In the first of an occasional series Nick Lawson, CEO EMEA of WPP-owned media planning and buying giant MediaCom, picks his Desert Island Ads – ones which have influenced his career and the way he thinks of advertising.
It’s a sad admission but I think of ads in much the same way that I think of music. Different songs remind me of different parts of my life. And so it was when I was asked to write this feature. I decided to use the opportunity to take a stroll through my life, via the ads that have made an impact. All the way from the tasteless 70s and up to the sophisticated person that I have clearly become today.
The first television advert that I remember talking about is the Hovis bread ad with the kid riding to fetch the bread in the morning on a bike. I remember asking my dad if he had to cycle to fetch bread in the morning when he was a kid. That tells you everything about the power of advertising because it took me out of my childhood orbit and prompted me to ask questions about other people’s worlds:
You’d need to be a child of the 70s to understand this ad. The advertising for this bike made me want one SO much that it was all I could think about for two years. My dad refused to buy me one because he thought they were too dangerous. So instead, he built me a bike himself and when I took it to school, everyone asked if it was a girl’s bike because he’d built it with a step through frame. I never rode it again.
This ad is from my teenage years and an era when Pepsi was way cooler than Coke.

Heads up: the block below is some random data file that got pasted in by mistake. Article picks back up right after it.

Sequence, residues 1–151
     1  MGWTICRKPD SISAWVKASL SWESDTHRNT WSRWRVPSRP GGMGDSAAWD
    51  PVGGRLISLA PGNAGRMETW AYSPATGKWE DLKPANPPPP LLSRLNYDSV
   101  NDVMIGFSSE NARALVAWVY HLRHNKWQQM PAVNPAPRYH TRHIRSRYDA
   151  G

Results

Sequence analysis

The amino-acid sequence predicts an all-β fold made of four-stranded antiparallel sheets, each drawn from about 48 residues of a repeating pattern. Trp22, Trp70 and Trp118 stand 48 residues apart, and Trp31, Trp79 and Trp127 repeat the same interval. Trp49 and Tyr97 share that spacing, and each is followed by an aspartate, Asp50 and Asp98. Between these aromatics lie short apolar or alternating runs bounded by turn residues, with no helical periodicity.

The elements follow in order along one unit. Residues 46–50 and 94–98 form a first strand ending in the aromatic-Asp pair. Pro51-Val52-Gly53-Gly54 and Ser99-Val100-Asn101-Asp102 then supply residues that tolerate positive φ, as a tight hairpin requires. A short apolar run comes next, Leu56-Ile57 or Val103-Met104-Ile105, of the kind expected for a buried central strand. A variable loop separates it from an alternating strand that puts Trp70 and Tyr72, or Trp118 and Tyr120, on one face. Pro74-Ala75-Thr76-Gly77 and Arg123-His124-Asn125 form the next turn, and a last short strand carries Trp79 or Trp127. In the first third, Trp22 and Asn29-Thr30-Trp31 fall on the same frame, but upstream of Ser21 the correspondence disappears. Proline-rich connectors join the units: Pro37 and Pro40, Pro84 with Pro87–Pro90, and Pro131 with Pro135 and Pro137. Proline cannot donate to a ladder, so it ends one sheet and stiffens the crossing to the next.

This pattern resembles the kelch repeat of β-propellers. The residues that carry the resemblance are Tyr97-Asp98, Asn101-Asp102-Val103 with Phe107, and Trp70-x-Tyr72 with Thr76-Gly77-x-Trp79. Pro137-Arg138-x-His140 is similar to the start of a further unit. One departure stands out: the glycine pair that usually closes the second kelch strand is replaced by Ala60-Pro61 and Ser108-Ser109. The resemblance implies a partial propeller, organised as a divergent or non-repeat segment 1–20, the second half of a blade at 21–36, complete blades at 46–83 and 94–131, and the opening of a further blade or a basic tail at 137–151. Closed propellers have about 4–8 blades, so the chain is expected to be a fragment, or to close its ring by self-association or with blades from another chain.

I like it because it was the modern day version of a viral ad. It had a huge impact in the playgrounds and kids’ social scenes. You were someone if you could say these words fast enough. This is exactly where Pepsi needs to get back to today.
The eighties were divisive because you had to pick a side and you either picked Thatcher or you didn’t. But it was a fun time and the last time that I remember the general public being political. The Guardian Skinhead ad is simply one of the best cinema ads ever made. This is what made me want to get involved in advertising.
This isn’t really an ad but it’s probably the most memorable political broadcast that endeavoured to do the impossible: get Neil Kinnock elected. It attempted to show a human side of politicians which was anathema at the time. It didn’t work either. Margaret Thatcher got elected for the third time and Kinnock lost his job. Advertising can’t work miracles but this is the best failure I’ve ever seen.
I was about to start working when the Midland Bank ad came out and it summed up the new consumer age to me as I chased my new career. This is the quintessential 80s ad but it’s also ground-breaking because it was one of the first adverts to acknowledge that consumers need to be listened to:
I have a job now and there’s one account that I am heavily involved with. I am working on IKEA alongside St Luke’s, the world’s first co-operative ad agency. This was the era of Cool Britannia, Brit Pop and Tony Blair. The ‘Chuck out your Chintz’ IKEA ad mirrored the move away from tradition and towards a much cooler, sleeker aesthetic for the modern British home. In fact, the term, Chuck out your Chintz became modern parlance. It was a proud moment.
My dad has always claimed that advertising didn’t work on him (he says this but he always has a Screw Fix catalogue in his top pocket). But he also concedes that cross tracks ads do work because you get so bored waiting for trains that you have to read them. This Crimestoppers ad would have an impact on anyone, no matter what the situation.
We worked alongside Saatchi & Saatchi to produce the T-Mobile Flash Mob ad and it’s everything that advertising should be. It is fun, engaging and memorable.
If it features in someone else’s Desert Island ads then my journey will have come full circle.